Fantastic Beasts: The Crimes of Grindelwald movie poster

Fantastic Beasts: The Crimes of Grindelwald

In theaters November 16, 2018


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134 minutes

Directed by:

Starring: , , , , , ,

As a Ravenclaw, I can only give this to you straight. Fantastic Beasts: The Crimes of Grindelwald (2018) of suffers from Middle Movie Syndrome. Hogwarts Alum and Muggles from all over will still use their preferred methods of transport, some of us will even don our House colors and attend, but I want you to know, I don’t think this is the best of what’s to come.

Look there are likely spoilers because this is so tightly wrapped around Fantastic Beasts and Where to Find Them (2016), but I’ll avoid the doozies.

Paris in 1927 is a magical place and their traveling sideshows are way better than ours, but the wow-wee factor can only go so far when there’s very little story to support the gorgeous visuals. Gellert Grindelwald (Johnny Depp) has escaped the American Ministry of Magic’s custody and is recruiting followers in Paris. This is bad because Grindelwald is a bit of a racist when it comes to Non-Majs (that’s non-magical people, or the less savory term, Muggles to the uninitiated). Newt Scamander (Eddie Redmayne) is sent on a mission by Albus Dumbledore (Jude Law) to find Creedence Barebone (Ezra Miller) who survived the explosive New York incident (See Fantastic Beasts and Where to Find Them (2016). The Ministry of Magic is also looking for both Creedence and Grindelwald so worlds will definitely collide. Creedence is an Obscurial, hosting a very powerful, very destructive elemental parasite. Everyone wants him, for very different reasons. It takes a long time to get to this point.

Non-Maj (it just sounds nicer) Jacob the Baker (Dan Fogler) surfaces with wizard Queenie (Alison Sudol) in London. Queenie’s sister Tina (Katherine Waterson), an Auror who’s gone sour on Newt surfaces in Paris, everyone converges at the Père Lachaise Cemetery of Paris, and the fight for Creedence begins. Okay, we eventually get there and there is a lot of backstory and deep history but this is a middle movie and the only things important are the first 10 minutes and the last 15.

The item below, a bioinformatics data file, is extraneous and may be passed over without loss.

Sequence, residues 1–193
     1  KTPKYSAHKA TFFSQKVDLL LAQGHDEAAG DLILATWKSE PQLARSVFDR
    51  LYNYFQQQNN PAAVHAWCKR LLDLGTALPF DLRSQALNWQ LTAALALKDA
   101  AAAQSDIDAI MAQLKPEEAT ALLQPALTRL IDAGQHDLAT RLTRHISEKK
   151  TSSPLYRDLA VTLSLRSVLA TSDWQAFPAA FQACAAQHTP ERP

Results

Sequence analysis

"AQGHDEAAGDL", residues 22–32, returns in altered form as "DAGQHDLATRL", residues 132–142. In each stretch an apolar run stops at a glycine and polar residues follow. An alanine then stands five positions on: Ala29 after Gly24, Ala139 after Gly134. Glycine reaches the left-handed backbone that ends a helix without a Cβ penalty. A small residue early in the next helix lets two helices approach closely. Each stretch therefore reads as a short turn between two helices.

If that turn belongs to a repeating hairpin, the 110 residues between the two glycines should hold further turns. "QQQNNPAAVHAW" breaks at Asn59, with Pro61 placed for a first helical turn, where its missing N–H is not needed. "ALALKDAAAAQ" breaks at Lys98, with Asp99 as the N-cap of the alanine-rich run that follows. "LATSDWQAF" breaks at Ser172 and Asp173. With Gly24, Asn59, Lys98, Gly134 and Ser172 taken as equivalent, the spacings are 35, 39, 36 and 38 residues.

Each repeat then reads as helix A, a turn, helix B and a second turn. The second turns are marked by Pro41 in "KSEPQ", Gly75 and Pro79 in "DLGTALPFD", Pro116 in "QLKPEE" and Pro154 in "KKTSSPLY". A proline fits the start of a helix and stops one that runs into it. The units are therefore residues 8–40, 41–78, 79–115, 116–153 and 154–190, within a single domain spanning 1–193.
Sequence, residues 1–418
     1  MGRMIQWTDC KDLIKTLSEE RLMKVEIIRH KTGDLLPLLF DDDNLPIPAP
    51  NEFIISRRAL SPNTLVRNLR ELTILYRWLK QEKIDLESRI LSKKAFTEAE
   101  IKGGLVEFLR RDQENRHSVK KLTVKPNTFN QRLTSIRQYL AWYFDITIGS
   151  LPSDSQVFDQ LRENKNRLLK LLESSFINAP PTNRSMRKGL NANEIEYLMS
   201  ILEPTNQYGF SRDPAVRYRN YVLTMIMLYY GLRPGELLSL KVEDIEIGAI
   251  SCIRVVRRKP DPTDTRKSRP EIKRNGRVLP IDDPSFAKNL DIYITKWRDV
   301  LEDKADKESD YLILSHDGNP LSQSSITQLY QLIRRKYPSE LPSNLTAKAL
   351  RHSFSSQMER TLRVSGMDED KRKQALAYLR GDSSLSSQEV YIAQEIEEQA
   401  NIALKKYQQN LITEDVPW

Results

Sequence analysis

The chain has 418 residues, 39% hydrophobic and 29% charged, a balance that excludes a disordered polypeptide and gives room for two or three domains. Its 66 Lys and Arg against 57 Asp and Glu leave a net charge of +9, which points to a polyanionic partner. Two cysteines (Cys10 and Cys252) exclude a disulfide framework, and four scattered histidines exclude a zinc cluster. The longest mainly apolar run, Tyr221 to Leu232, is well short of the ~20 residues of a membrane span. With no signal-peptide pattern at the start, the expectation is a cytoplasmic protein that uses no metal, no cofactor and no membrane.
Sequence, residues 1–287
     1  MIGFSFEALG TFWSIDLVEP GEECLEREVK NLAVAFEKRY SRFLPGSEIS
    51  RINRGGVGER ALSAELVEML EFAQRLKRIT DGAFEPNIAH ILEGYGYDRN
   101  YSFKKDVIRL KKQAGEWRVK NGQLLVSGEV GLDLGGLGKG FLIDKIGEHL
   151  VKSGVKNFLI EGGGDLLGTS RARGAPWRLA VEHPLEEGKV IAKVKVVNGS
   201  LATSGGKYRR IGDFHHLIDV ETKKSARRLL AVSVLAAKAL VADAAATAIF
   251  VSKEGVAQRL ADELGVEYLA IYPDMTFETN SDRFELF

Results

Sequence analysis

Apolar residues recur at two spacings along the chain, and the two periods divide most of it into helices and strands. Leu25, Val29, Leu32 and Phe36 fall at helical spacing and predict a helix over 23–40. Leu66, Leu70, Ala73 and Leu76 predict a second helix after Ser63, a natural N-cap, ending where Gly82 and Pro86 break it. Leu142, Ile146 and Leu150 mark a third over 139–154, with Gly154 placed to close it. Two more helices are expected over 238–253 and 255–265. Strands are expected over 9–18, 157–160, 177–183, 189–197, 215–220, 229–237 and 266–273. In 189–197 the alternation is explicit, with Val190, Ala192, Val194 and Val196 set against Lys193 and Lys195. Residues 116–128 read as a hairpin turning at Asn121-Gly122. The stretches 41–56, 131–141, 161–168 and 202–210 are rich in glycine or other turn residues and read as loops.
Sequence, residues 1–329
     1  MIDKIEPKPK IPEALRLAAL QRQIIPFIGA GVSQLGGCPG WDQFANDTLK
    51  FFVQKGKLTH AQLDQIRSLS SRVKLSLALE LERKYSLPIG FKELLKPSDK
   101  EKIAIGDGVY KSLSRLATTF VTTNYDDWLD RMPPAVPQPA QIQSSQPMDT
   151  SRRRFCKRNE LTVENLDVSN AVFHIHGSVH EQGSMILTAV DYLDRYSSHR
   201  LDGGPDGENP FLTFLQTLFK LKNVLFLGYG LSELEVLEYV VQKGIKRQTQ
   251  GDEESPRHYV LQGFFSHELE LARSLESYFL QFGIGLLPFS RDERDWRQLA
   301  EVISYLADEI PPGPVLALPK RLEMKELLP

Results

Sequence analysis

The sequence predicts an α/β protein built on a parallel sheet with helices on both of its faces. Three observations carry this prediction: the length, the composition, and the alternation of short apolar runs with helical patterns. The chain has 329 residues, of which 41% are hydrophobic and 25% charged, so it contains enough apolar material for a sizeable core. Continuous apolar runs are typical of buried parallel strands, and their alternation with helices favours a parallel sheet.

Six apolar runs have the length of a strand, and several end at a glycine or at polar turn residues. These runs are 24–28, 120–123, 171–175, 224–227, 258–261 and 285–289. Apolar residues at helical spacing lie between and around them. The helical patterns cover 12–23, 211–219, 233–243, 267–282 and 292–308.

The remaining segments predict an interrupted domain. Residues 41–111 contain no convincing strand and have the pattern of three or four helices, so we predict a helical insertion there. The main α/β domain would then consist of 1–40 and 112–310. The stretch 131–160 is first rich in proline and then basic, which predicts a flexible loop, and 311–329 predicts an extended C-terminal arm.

As with most Pottermore properties, everything is linked and nothing seems to happen because people are generally bad. There are connections upon connections, which makes the Wizarding World so very small, and that’s unfortunate. Fantastic Beasts is less a story about the creatures Newt finds and catalogs in his travels and more about a quiet milquetoast who unwillingly leads the rest of us through dark magical history whether we want to go or not. We definitely get magical creatures, like a Chinese Fireball who’s more housecat than lizard and a Kelpie and of course a Niffler (or half a dozen) but for a movie entitled Fantastic Beasts, the only beasts are the Wizards with their own personal and political agendas. Sure there’s a reveal at the end, but we kind of already figured it out at the beginning of Act 3, so just nod and sigh. I did.

When I want to write a review like this, I try to think about what it is I really want to tell you, so here it is. Fantastic Beasts: The Crimes of Grindelwald is a visually stunning movie with tons of greenscreen, apparitions (the teleporting, not the ghosts), and a costume shoe closet I would happily go to jail for. For those hard into Pottermore Canon, some scenes and timelines may squeak your meter as a lot of it is ret-conned. For the casual fan, you might want to brush up the original Fantastic Beasts because everyone starts to look the same after a while and it’s easy to lose track. I would take my family to this over Thanksgiving weekend because it’s two hours I don’t have to hear them bicker. I wasn’t wowed, I was underwhelmed and I look forward to what I can only hope is the spectacular final installment of what I pray is only a trilogy. I know JK Rowling is planning 5 but maybe we can get more of a Jurassic Park/Jurassic World setup.

Fantastic Beasts: The Crimes of Grindelwald (2018) is rated PG-13 for people falling from the sky, people in blue flame, death by magic, Grindelwald’s creepy eye, a fantastic Fireball I want to call Fluffy.

Fantastic Beasts: The Crimes of Grindelwald is streaming now on the following services:
Movie Reelist Contributor: MontiLee Stormer
MontiLee Stormer is a writer of horror, dark and urban fantasy. She’s also is a troublemaker, concocting acts of mayhem and despair for her own selfish pleasure. An avid movie watcher, she prefers horror but will see just about anything if you're buying. Poltergeist (1982) is her favorite movie and she actively hates The Shining (1980) due to its racism, misogyny, the butchering of the source material. She could host a TEDtalk on this single subject. Writing about herself in the third person is just a bonus.


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